Well, they are almost all done now, so I have a chance to describe what a week like this can be like.....
One of the observing programs is for a very fortunate amateur astronomer. Most of the astronomers who use HST are professional astronomers who work as college professors or researchers at science labs or institutes (they have earned the formal title "Dr."). However, once in awhile our director gives some of his personal HST time to an amateur astronomer who has submitted an interesting observing proposal that would make good use of HST's abilities. I have worked with several of these HST amateur astronomers over the years: they have observed other planets and their moons, exploding stars, gravitationally lensed objects, galaxies, and quasars.
The amateur astronomer I am currently working with will take pictures of a strange galaxy called NGC 1808 that has mysterious pillars of material spouting out from it's center. Nobody is quite sure if these "fountains" of galactic material are caused by a black hole in the center of the galaxy, or possibly by a burst of star formation near the center. Only HST can see into the center of the galaxy to see what is going on there.....I can't wait to learn the answer!
Four of the other observing programs were difficult to implement because we are planning to use special orbits where the target (a planet, stars, or a galaxy, etc...) is visible for a larger-than-usual amount of time.
HST orbits the Earth every 96 minutes. If HST is pointing at a target and orbiting the Earth, it's not hard to imagine how for about half of the orbit, the target is not visible because the Earth itself is in the way (until HST swings back around the Earth, and then the target is visible again).
Remember that even though HST is in "outer space", it is really never more than about 300 miles away from Earth (that's it's orbital altitude) -- so it's never really very far away. In fact, it's so close to the Earth that the Earth is blocking much of the view at any given moment. So we have to observe each target only when we know it will be most visible. Most HST observing programs involve many consecutive orbits. But we may only be able to see the target for about 55 or 60 minutes of the 96 minute orbit because the Earth is in the way during the other 40 or so minutes.
However, if you imagine pointing at a target that is more towards the north or south, you can see that even though HST is spinning around the Earth, that target can be visible during the whole orbit (the Earth never gets in the way). We call these areas the "Continuous Viewing Zone", or "CVZ" for short.
You can see what I mean if you hold a globe right in front of your nose. Then look at some small object anywhere in the room (like a light switch or something on a table). Then start slowly moving around the globe (but stay close to it, and keep staring at the small object!). You'll notice that at some point you can't see the object because the globe is in the way. If you continue "orbiting" the globe, it will become visible again. Now try the same experiment again, but look at a spot on the ceiling. You'll notice that as you orbit the Earth, the spot on the ceiling is always visible -- the Earth never gets in the way! Most of the spots on the ceiling (or the floor) are in your CVZ.
We try to observe targets in the CVZ as much as possible because then we have almost twice as much time in each orbit to take pictures, etc.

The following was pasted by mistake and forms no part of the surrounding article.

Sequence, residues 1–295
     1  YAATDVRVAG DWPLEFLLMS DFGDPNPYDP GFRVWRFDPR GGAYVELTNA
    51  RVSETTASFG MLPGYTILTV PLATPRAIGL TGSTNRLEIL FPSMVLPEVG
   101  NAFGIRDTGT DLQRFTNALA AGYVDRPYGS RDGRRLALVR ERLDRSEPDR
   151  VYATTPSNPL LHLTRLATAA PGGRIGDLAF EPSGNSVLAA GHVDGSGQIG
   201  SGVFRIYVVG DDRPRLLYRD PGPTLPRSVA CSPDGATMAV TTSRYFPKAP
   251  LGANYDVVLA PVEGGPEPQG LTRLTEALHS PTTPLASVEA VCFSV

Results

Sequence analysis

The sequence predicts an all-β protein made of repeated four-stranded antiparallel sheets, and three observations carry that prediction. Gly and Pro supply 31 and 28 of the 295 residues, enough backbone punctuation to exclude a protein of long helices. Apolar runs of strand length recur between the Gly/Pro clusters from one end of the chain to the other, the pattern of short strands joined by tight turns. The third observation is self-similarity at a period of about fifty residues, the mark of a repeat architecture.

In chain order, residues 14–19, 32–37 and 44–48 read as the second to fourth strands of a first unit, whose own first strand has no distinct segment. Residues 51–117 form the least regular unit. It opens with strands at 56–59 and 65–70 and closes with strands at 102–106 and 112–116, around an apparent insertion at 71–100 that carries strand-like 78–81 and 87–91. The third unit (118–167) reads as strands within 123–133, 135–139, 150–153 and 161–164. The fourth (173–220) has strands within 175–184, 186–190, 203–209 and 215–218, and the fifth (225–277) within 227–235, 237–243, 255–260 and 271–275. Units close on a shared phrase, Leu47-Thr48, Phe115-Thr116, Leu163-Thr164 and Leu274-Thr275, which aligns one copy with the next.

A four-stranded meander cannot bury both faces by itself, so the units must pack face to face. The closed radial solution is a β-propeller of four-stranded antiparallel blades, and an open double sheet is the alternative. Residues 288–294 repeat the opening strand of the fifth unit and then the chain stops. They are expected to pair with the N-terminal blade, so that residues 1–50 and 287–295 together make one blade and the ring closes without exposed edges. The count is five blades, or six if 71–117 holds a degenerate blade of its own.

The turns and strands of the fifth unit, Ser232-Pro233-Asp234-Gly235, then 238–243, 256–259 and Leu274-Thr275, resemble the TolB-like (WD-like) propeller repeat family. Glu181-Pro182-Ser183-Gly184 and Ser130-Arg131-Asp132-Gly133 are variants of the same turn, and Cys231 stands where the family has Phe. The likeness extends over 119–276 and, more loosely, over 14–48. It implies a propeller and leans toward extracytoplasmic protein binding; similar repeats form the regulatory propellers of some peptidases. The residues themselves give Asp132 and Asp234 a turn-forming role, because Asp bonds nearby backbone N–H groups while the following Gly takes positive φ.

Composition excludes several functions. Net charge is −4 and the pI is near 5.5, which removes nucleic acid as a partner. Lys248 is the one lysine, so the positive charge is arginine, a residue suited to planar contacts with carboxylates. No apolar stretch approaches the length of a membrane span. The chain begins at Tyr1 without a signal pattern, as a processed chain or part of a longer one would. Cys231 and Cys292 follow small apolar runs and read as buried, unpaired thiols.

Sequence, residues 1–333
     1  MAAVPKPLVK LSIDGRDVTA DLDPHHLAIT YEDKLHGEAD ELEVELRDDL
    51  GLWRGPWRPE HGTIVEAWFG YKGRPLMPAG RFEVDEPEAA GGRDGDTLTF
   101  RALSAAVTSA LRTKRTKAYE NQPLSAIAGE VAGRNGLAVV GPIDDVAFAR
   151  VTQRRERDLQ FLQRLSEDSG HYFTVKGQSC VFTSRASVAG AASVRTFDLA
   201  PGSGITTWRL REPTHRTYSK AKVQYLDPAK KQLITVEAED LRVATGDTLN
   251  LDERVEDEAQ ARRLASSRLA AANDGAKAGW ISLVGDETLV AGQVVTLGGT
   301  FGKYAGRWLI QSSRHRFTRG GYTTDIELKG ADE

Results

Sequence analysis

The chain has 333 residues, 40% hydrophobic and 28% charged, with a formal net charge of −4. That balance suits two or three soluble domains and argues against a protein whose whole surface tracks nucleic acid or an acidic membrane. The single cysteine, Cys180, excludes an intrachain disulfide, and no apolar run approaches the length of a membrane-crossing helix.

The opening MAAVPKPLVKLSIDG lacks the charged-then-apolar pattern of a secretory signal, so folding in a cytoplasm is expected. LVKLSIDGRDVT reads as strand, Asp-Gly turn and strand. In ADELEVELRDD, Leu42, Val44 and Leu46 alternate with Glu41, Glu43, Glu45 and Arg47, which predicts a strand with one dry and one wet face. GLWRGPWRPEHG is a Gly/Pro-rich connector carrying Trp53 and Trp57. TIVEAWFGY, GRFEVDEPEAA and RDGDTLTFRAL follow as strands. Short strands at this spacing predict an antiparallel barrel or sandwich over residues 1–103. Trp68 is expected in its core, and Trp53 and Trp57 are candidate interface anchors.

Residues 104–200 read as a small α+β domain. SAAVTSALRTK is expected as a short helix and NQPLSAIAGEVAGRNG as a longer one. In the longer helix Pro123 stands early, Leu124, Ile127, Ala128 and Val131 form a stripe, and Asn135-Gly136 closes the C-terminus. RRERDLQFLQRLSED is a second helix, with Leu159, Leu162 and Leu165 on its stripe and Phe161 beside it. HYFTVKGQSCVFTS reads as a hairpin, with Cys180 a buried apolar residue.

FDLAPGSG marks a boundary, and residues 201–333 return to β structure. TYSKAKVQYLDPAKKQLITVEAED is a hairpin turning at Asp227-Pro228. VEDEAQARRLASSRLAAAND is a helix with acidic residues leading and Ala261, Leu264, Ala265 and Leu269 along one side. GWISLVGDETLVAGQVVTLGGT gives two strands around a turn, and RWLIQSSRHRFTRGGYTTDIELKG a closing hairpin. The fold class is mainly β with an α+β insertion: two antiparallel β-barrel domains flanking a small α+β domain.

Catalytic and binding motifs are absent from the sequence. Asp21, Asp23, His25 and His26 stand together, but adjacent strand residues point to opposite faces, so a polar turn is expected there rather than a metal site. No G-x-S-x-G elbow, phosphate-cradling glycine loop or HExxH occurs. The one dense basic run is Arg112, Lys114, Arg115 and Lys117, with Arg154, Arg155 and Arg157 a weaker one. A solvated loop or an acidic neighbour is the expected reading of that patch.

There are many objects in HST's continuous viewing zones, including some very important objects that are studied very often by many astronomers, because they hold special clues about how our galaxy formed (and perhaps how other galaxies form).
One such CVZ object is a globular cluster called 47 Tuc. (pronounced "47 Tuck", which is just a name given to it in a catalog: object number 47 in the constellation Tucana, which means "Toucan" in Latin (a bird with an interesting beak.... you know about this is you eat Fruit Loops cereal for breakfast!). 47 Tuc is a collection of millions of stars that all formed together billions of years ago (probably around the same time that our Milky Way galaxy was forming), and remain clustered together today because they all exert a gravitational pull on each other, which holds in each star in the cluster. This cluster is in orbit around the center of our galaxy (as are all the stars in the Galaxy, including our Sun), so we can study individual stars in it try to learn exactly how old and far away the cluster is.
Another important CVZ target is the Large Magellanic Cloud, or "LMC" for short. This is a small galaxy that is in orbit around our much larger home galaxy (the Milky Way). People who live in the southern hemisphere can see it at night -- it looks like a fuzzy white patch in the night sky (that's obviously how it got it's name, but it is certainly NOT a cloud!). Astronomers are very interested in the LMC for many reasons: it is a nearby (and easy to observe) example of the type of small irregularly shaped galaxies that are seen all over the universe. It may also hold clues about how our Milky Way galaxy formed and got so big: did a bunch of smaller galaxies like the LMC collide to form the bigger galaxies? Will the LMC crash into our galaxy someday?
I have worked on several programs to observe these targets, and since they all use the CVZ, this means they must all occur at the same time. So that's why I had to work on so many programs all at once this week. It usually involves extra work to design them to use CVZ, but as you can see, it is well worth the effort.
Now I'm looking forward to going home and playing with my 5-month-old daughter all weekend.........she's a blast! I also have to finish fixing my roof because it has been leaking since the "blizzard of the century" that hit the east coast in January. I grew up in Wisconsin so I am used to big blizzards.... this last one was so big that it made me homesick!